The victimisation of legal firearms owners and dealers operating within the boundaries of Australia's strict ownership laws has stepped up a notch, with news that a joint venture between ANZ Australia and European payments provider Worldline has cancelled essential banking services for dealers.
Rural and remote firearms users will bear the brunt of a decision by ANZ Worldline Payment Solutions to stop offering mail order, telephone order (MOTO) facilities for firearms-related entities.
The news, which filtered through to dealers via email at 4pm on a Friday afternoon at the end of October, is the latest in a series of what the industry describes as corporate social attacks.
Midway through 2021, transport company FedEx/TNT announced it was ceasing the transportation of firearms, weaponry and ammunition in both its domestic and international networks.
That was resolved in October last year when Australia Post and Startrack agreed to carry firearms through a range of existing service offerings, but in the middle of this year, buy now pay later services joined the list of service providers refusing to offer a service to Australia's legitimate shooting industry.
The latest attack on the industry, which services macropod harvesters, primary producers and the veterinary industry, as well as sporting and recreational shooters, is leaving dealers with a limited ability to transact in the lead-up to the Christmas period.
As well as that, they want to know why their businesses are being discriminated against.
"We're not doing anything against the law," one NSW business owner, who asked to remain anonymous, said. "It's almost as if these people are trying to make themselves feel better by doing this."
The firearms dealer, who has traded for 14 years without incident, said the letter advising of the change in policy had come as a complete surprise.
"We knew Worldline had purchased ANZ's merchant service - we were notified - and they said then that nothing was changing," she said.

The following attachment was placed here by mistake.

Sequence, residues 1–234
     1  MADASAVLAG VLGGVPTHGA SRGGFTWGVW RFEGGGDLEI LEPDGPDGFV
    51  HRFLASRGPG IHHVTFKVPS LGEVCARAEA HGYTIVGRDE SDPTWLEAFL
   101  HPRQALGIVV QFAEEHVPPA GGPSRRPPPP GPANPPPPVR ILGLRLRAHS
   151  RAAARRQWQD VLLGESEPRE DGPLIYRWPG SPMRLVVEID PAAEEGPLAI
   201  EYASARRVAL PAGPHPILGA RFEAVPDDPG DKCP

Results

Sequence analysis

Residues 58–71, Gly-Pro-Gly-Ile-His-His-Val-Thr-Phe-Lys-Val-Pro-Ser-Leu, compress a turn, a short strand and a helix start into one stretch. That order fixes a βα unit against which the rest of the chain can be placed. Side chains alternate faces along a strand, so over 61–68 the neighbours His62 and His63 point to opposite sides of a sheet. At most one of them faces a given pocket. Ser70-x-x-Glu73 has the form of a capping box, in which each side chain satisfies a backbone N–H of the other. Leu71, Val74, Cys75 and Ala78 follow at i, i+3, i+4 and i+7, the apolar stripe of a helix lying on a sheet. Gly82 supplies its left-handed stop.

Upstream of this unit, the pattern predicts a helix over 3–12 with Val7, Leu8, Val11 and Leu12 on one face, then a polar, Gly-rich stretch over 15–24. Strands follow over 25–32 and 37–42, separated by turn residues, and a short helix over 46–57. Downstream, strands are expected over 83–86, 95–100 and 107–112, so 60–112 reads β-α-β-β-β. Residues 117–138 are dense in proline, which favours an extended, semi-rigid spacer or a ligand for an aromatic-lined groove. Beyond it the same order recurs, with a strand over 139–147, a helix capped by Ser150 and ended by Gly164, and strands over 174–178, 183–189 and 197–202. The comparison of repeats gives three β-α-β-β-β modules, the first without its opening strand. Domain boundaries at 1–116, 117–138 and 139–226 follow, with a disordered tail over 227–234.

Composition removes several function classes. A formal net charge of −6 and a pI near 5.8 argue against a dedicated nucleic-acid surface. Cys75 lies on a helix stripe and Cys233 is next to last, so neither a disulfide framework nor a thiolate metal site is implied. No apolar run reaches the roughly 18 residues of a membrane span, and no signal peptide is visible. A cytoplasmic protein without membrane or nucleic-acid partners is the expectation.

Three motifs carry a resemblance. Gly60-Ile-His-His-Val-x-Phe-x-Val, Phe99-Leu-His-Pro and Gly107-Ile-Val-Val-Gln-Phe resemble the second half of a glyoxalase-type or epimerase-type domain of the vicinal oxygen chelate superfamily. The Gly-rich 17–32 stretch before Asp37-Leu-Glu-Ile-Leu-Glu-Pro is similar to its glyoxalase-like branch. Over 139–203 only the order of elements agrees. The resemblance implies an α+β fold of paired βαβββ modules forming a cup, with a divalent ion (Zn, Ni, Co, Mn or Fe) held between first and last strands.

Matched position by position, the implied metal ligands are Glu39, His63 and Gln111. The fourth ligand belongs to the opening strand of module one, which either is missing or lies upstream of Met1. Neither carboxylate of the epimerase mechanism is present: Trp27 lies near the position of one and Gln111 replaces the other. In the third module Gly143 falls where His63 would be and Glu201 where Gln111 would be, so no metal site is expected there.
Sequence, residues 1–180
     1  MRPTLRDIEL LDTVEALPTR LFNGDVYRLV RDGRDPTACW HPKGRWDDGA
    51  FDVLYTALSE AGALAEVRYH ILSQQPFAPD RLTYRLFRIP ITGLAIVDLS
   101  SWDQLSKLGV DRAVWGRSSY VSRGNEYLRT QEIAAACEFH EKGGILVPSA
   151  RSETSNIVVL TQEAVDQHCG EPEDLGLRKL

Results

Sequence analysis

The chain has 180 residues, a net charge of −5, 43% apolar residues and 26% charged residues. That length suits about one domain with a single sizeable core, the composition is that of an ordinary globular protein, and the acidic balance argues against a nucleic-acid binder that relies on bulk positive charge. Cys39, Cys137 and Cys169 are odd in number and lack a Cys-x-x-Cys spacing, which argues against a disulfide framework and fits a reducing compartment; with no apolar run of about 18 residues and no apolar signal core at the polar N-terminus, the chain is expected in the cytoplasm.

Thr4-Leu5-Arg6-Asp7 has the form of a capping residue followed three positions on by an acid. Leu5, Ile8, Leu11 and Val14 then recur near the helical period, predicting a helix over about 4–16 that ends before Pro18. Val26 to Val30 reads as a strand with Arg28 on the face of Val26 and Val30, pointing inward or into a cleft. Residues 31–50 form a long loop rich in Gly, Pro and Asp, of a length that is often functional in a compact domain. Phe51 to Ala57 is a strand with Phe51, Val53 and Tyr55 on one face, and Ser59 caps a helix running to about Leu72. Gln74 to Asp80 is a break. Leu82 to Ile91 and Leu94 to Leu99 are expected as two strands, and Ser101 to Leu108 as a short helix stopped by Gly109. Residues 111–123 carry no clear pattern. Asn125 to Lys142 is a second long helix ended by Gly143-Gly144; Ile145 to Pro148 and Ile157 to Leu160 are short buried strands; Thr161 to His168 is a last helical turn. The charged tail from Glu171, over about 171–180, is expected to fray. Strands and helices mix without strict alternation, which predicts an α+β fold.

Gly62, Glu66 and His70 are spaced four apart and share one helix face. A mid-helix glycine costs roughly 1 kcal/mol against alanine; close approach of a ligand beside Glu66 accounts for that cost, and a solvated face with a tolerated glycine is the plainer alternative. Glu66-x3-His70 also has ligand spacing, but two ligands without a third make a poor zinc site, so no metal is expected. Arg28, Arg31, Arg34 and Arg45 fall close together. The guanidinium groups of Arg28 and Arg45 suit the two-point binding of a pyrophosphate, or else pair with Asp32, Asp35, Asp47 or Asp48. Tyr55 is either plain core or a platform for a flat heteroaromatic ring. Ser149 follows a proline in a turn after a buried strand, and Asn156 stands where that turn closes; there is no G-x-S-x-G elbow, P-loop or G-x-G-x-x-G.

An ANZ media release in April announced the joint venture, in which ANZ and Worldline hold 49 per cent and 51pc interest respectively.
In correspondence sighted by Queensland Country Life dated from mid-October, Worldline's CEO Petr Ryska said each merchant application was reviewed on a case-by-case basis.
Although reaffirming that this week, a company spokesperson said that when it came to the sale of firearms, they "worked with merchants whose customers purchase weapons in-store, based on appropriate licence and permit checks, as is required by law".
"Where consumers are looking to buy firearms online, we do not offer ecommerce, mail order or telephone order services for the sale of those items", she said.
The Shooting Industry Foundation of Australia has hit back at the blanket ban, saying that regardless of how a payment was made, every legal firearm transaction in Australia was registered, and must be done so via a licensed firearms dealer to a police-checked firearm license holder, who has the appropriate permits in place.
"By de-platforming our industry, ANZ has ignored Australia's strong and robust firearms legislative regime that mandates how a firearm transaction takes place," SIFA CEO James Walsh said.
He added that removing the ability for licensed dealers to accept certain payments by credit card made it harder for businesses to transact with their customers, meaning they would need to source other, often less secure, payment alternatives.
"Regardless of what ANZ purports, this decision is simply a social restraint of trade on a legal and highly regulated industry, as firearms dealers who bank with ANZ will now be unable to take payments from remote customers or have the ability to service any customers who do not live in the local area," Mr Walsh said.
The NSW dealer said they'd been advised by their local branch to move their business to another banking service, as there was nothing they could do to influence decision-making.
"Tyro has taken us on but we do have to wear additional charges," she said.
"We do quite a few transactions over the phone, ranging from a $10 purchase to a couple of thousand of dollars - it forms a large part of our business.
"We service people up to five hours west of here, people who might have a neighbour in town that can pick up ammo for them and save them a drive, that sort of thing.
"We'll probably ride this out until after Christmas and see how we've been affected.
"You don't like to increase prices - we're all in the same boat here, we've all lost a lot."
The business is one of a number in the firearms trade that's changed banks in order to continue to have MOTO services, and the woman said it was ironic that just after they'd switched, they received a letter from ANZ asking what they could do better.
"We said, just be a bank, don't judge us," she said. "They've lost so much of our business by doing this - we sell torches, gum boots, all sorts of things, and none of it could be sold over the phone thanks to ANZ."
SIFA is now calling on all of Australia's one million licensed shooters and over 450 licensed firearms dealer businesses, who bank with ANZ, to send them and their shareholders a very loud message by cancelling their accounts and moving their business elsewhere.
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